ID number: TQ.2016.008
Name of interviewee: Ann Mitchell
Name of interviewer: Celia Jones
Name of transcriber: Take 1
Address: Lostwithiel, Cornwall
Date: 22 January 2016
Length of interview: 0:30:49
Ann’s ‘Log Cabin Straight Furrow’, quilt was started in the 1970s but took a few years to get finished. The quilt is made from scrap or cheap fabric bought at jumble sales or from family clothes; and the pattern, ‘Straight furrow’ acknowledges her agricultural home life. Ann talks about her quilting journey beginning with initially being inspired by magazines and TV programmes, then going quilt groups and how the quilt community has grown and changed over the years.
Celia Jones [CJ]: Celia Jones interviewing Ann Mitchell in Lostwithiel, Cornwall on January … the 22nd, at 2:15. So, Ann, would you like to tell me about your lovely quilt, here?
Ann Mitchell [AM]: I will, yes. This is the first one I made. It’s very badly-made. This was in… I started this about ’70… ’76, I think it was, and… I didn’t have any lessons, but I did see a programme on TV. And then I decided that I would do a Log Cabin quilt. And all the fabric is … well, it’s, it’s just random, really; there’s polycotton. It’s jumble sale fabric. You know, it’s all … old pyjamas. All sorts. Badly put together… but before that, I just made a lot of blocks… and then I gave up on it, and we moved. We moved farms and in the process I thought about throwing it out because it… you know, I wasn’t doin’ anything with it. And Morley said, ‘No, don’t. Don’t do that. Just put it together.’ So by that time I’d joined a small group of women that were meeting in a house in St Blazey, and we had a lady from Launceston coming to see us, called Daphne Turner. And I said to her about these blocks, and she said, ‘Just, just put them together.’ And I just … and she showed me some pictures and I decided to put it together in what they call ‘Straight Furrow’, ’cause I thought it was very apt to go with the agriculture [laughs]. So, I quilted it… as well as I could, but, as you see, it’s had a lot of wear. You know, all the kids have been… and the grandchildren have been wrapped up in it. It’s been in the washing machine I don’t know how many times. And I, I’m just fond of it, even though it’s badly made [laughs].
And the funny thing was, I saw a photograph of it. I put it in an exhibition, and I saw this photograph of it and I suddenly realized there was a huge mistake in it, and at the bottom of one of these. [looks at the quilt] the block was the wrong way round and it’d been like for that quite a long time. But [laughs] then afterwards I read that they call them our Humility Blocks.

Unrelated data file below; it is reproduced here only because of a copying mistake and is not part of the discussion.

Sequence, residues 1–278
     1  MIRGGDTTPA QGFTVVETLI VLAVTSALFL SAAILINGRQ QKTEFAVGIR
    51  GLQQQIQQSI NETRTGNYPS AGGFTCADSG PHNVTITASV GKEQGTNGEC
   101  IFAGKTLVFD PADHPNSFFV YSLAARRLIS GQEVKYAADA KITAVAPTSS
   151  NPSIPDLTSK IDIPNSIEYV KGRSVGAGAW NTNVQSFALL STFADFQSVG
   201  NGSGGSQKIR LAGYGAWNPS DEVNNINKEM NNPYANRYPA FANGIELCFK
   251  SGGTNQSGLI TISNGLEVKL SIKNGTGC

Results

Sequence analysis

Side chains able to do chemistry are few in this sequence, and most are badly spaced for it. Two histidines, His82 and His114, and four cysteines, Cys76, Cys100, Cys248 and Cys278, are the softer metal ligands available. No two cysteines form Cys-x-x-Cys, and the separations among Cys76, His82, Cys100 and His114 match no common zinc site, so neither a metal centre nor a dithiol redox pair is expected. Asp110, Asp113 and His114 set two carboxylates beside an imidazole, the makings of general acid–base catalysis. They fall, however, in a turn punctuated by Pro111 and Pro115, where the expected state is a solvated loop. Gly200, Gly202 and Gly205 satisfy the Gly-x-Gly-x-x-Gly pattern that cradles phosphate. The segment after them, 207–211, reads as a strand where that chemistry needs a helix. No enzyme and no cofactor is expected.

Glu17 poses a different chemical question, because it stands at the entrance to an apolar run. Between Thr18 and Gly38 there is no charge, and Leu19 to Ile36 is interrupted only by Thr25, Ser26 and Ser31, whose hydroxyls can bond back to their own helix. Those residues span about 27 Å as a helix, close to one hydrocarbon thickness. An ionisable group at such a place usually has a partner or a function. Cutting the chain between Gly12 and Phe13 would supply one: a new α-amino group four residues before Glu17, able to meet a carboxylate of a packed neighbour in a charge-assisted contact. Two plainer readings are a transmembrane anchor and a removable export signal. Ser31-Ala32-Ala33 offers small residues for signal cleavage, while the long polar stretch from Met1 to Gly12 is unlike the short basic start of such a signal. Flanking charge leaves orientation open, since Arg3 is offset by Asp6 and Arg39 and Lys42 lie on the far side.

CJ: Well, that’s lovely.
AM: So it’s good to have a mistake, but this was a genuine mistake [laughs]. So, yeah, that’s that one.
CJ: When you say in, In The Furrow, wh-what, what are you talking about there?
AM: Well, the light and the dark side of the Log Cabin.
AM: The block sort of has a light and…
CJ: Can you explain Log Cabin to us?
AM: Well, the… it’s strips. It’s… stripped around and sewn around a square in the centre, and then you two dark, two light, all the way around ’til you get a… quite a big square. When you put them together you can see that you put… if you put [noise] dark sides to dark right across the quilt, you get this line. Ooh, sorry! [Laughs]
AM: You get this line that goes right across, and the Americans, I think, called it Straight Furrow.
CJ: Oh, I see.
AM: It’s like the plough, you know. So that’s what I did. But you can see it’s got… all the fabric is quite random.
CJ: When you talked about fabrics in it do these fam-, fabrics carry memories for you? Are they…
CJ: Quite a few of them.
CJ: … things of your …
AM: You know, I … like I say, some of them are polycotton, which I didn’t think mattered at the time. But now, of course, they say don’t use it. I think the only reason they say don’t use it is because it doesn’t crease very well. And you do need … you know, when you’re doing… um… pieces and that, you do need a, a good crease. But, yeah. There’s some…
AM: Oh, there’s one there. That is a nei… this was at a jumble sale, I got this, and that is a neighbour’s skirt, and I, I remember her when I look at that.
AM: What was that? Oh, I can’t remember now. But, yes, they do have memories, a lot of them. And as you see, it’s… it’s faded a lot in places, and it’s also worn on the binding. So… nobody seems to want it except me now [laughs].
CJ: Did you … did you hand quilt or h-hand assemble it?
CJ: You, you… s-sewed it together by hand, did you? Or did you machine it?
AM: I think I machined it together. Yes, I did. Yeah, I machined it together and then I hand quilted it. Yeah. But it’s not, it’s not very true.
CJ: What do you mean?